Jarred back to a more general appraisal of the situation by realization that England's Crown Prince was suddenly a guest here, along with someone else's wife—at the same time as the Bishop was in residence—Jim found his usually nimble wits had no quick decisions to offer.
"Tell them I'll come to them as soon as I can—my apologies, of course. Don't stint on the apologies. Is Mistress Cinders preparing a couple of rooms?"
"All is in hand, m'Lord."
"Good!" Jim went back into the Solar with a troubled mind.
"Forgive me for this interruption, my lord," he said to the Bishop.
"Of course, my son," said the Bishop. "I am familiar with such in my own establishment. So, I take it you are not adverse to my guesting here for the next few days. It would be a kindness to find out for me if Carolinus plans to visit in that time—I understand he lives not far from here."
Jim knew that the Bishop knew full well how close Carolinus lived—but he was being polite.
"No distance at all," said Jim, getting up again, "and no trouble. Also it is a pleasure to us always to have you under our roof. If you'll forgive me for leaving, I'll go right now."
He was only too aware of how Carolinus suited time to himself. This world's leading Mage could easily interpret "a day or two" as meaning "whenever you feel like it." Jim closed the door to the corridor behind him before the Bishop could offer any more polite protests, and headed toward the stairs to the tower roof.
"Stand back, William," he ordered the man-at-arms on watch, once he was up there—this being the standard warning to one of his retainers that he was about to change into his dragon form. William was already a good twenty feet away. Nonetheless, he backed clear to the battlements on the opposite side of the tower top.
It was prompt obedience to orders, but it was also prudence. The full spread of Jim's dragon wings was a good deal more than the width of the tower top.
Then Jim had changed and was gone, almost straight upward on the thunder of those enormous wings. In moments he was high above the ground. He found a current of air in the ocean of the day's atmosphere, one heading roughly toward Castle Smythe, Brian's residence, and ceased climbing, spreading his wings and holding them outstretched, to coast gently downward in the direction he wished to go, without effort.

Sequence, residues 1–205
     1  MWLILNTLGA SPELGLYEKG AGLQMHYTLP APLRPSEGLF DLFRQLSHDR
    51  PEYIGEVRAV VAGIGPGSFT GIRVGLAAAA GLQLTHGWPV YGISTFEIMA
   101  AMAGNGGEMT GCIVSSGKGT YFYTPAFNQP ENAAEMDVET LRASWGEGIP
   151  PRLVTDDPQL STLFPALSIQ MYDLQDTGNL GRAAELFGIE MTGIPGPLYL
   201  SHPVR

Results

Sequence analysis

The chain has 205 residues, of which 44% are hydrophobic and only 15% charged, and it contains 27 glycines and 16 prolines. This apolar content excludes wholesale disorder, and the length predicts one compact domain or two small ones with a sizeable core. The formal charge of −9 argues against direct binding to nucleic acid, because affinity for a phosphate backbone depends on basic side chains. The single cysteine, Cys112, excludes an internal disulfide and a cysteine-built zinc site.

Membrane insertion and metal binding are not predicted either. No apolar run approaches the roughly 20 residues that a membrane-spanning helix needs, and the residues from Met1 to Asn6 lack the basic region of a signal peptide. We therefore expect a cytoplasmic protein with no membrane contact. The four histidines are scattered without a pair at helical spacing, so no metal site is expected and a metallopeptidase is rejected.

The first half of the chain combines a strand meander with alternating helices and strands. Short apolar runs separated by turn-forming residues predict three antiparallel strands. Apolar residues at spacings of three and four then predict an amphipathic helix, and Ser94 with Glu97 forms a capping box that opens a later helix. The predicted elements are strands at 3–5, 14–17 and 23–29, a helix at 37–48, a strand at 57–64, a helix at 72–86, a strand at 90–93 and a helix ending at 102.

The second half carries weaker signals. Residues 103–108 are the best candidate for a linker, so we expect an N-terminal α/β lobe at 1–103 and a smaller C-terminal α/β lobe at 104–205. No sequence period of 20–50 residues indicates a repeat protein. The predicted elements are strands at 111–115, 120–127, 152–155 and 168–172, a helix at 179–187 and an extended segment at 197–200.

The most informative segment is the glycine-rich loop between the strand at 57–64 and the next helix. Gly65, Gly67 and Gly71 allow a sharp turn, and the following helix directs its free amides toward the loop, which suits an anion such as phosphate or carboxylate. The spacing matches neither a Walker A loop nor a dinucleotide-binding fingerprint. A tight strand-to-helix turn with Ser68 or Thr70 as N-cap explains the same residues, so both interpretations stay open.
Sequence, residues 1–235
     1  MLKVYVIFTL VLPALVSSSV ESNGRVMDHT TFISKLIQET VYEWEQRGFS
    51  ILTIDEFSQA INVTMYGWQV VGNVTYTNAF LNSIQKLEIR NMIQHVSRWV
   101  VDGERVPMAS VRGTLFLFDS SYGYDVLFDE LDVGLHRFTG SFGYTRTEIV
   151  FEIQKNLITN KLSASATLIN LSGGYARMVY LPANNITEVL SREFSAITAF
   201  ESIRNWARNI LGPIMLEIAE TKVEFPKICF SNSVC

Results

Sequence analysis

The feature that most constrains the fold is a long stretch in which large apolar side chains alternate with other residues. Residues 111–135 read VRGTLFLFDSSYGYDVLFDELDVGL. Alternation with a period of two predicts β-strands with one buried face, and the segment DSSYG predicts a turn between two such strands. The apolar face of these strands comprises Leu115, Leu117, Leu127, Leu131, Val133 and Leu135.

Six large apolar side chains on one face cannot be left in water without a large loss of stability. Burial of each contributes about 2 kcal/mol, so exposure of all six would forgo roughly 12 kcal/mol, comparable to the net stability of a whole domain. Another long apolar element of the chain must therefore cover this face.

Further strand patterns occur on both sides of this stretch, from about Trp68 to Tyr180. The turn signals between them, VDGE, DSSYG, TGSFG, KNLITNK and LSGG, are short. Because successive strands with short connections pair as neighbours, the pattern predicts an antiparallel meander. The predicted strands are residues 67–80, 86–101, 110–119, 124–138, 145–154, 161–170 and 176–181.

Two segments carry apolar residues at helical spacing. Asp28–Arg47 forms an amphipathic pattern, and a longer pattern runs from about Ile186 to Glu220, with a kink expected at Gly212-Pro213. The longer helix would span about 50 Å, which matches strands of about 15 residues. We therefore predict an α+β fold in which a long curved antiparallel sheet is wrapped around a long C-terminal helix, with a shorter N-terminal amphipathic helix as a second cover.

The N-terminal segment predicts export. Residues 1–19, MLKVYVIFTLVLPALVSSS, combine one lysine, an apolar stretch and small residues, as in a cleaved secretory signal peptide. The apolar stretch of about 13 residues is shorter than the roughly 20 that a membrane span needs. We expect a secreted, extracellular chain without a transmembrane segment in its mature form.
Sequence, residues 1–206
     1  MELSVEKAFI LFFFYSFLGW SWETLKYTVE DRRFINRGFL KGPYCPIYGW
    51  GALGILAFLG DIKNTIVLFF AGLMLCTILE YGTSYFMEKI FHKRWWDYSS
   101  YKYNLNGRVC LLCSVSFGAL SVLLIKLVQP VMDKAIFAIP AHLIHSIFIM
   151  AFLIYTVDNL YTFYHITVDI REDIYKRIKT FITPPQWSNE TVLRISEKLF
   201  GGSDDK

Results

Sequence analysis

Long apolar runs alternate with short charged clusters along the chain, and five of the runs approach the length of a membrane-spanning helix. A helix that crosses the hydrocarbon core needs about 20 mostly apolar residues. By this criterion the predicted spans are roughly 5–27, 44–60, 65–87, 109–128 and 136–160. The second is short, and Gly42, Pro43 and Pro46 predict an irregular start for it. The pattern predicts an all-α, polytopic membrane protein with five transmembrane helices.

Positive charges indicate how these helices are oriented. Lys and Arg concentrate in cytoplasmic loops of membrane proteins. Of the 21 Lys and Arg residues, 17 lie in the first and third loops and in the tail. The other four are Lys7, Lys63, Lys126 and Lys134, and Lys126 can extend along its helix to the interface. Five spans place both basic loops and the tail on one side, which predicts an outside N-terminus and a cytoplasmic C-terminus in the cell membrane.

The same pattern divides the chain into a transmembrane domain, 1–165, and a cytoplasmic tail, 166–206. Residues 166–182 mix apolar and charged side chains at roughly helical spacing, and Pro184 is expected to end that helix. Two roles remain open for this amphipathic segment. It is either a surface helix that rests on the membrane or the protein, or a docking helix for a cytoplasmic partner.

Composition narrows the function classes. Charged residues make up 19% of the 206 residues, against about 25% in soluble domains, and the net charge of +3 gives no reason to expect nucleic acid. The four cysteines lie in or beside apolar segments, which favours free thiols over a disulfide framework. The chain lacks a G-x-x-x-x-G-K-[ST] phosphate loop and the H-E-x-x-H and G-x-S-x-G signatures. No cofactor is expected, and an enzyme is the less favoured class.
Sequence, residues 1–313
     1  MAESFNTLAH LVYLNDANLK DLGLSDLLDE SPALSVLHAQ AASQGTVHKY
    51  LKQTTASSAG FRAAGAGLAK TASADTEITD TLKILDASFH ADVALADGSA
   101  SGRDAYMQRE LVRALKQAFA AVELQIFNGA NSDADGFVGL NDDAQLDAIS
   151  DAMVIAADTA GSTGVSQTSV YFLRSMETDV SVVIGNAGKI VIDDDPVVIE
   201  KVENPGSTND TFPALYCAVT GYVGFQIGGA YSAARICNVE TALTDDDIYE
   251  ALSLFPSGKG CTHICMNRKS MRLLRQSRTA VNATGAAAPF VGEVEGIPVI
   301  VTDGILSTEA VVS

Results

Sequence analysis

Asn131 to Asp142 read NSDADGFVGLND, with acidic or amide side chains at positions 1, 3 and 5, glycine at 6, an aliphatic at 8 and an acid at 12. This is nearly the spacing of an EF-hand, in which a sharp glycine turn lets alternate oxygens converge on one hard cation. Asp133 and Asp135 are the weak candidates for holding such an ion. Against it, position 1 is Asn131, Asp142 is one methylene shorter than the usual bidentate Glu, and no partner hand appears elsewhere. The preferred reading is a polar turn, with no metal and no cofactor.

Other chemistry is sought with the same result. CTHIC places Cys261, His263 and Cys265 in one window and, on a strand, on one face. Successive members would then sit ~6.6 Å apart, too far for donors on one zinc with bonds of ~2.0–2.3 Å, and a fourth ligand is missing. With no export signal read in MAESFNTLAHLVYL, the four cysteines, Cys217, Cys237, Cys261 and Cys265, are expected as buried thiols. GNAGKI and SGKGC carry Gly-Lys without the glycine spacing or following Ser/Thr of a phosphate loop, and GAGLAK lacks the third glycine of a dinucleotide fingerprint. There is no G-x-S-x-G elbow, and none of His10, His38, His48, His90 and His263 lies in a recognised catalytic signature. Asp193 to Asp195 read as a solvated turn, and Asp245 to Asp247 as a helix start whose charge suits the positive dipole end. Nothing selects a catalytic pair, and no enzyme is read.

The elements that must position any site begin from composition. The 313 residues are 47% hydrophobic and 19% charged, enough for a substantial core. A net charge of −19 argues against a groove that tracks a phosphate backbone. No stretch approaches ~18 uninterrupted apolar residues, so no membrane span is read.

The pleasure of that effortless flight took him over again, as it always did, and soothed him. Dragons were not given to wrestling with me
ntal problems, and for the movement he was as much dragon as human. But gradually the tangle of the present situation at Malencontri crept back into his mind.
Getting the invitation to Carolinus was no real problem at all, the only possible sticking point would be to get Carolinus to openly promise he would be there tomorrow. If he actually said out loud he would be there, they could count on him.
It was ridiculous, when Jim thought about it. Carolinus was always preaching to Jim about being as thrifty as possible with his available magickal energy—and admittedly there had been incidents that seemed to justify those warnings.
But the Mage himself could appear at Malencontri without even winking, and seemed to think nothing of hopping from wherever he was to as far as World's End (than which there was no farther) and back, even taking people like Jim and Angie along with him, and never counting the magickal cost.
At the same time, his home at the Tinkling Water resembled nothing so much as a pleasant little fairy-tale cottage. But it could somehow make its ordinary-sized door admit, and its inner space accommodate, a dragon Jim's size—which was large, even among that species. Meanwhile, ever-blooming flowers bordered each side of the evidently self-raking gravel walk to that door, and at the walk's outer end were shining pools of water on each side, from which what looked like tiny golden mermaids leaped into the air periodically… but they did this so fast that it was impossible to be sure if they really were mermaids or just golden fish.
The whole establishment, circled by greensward with tall trees beyond, was an isle of peace that Jim's troubled mind looked forward to right now.
Even as he thought this, he spotted the clearing that held Carolinus' home, and altered his flight pattern to bring him down with a heavy thump on the gravel walk to its front door.
As he did so, the door opened, and the small, green, fairy-beautiful figure of a sibyl slipped out—and she was crying.